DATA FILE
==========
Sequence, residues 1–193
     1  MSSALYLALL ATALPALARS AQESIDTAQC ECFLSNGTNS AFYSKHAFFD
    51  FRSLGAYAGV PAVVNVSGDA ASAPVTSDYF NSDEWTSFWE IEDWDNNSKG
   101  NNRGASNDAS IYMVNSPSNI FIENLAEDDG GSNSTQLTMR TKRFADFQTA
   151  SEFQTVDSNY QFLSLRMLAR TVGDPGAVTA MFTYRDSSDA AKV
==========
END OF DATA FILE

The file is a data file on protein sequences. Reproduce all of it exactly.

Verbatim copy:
Sequence, residues 1–193
     1  MSSALYLALL ATALPALARS AQESIDTAQC ECFLSNGTNS AFYSKHAFFD
    51  FRSLGAYAGV PAVVNVSGDA ASAPVTSDYF NSDEWTSFWE IEDWDNNSKG
   101  NNRGASNDAS IYMVNSPSNI FIENLAEDDG GSNSTQLTMR TKRFADFQTA
   151  SEFQTVDSNY QFLSLRMLAR TVGDPGAVTA MFTYRDSSDA AKV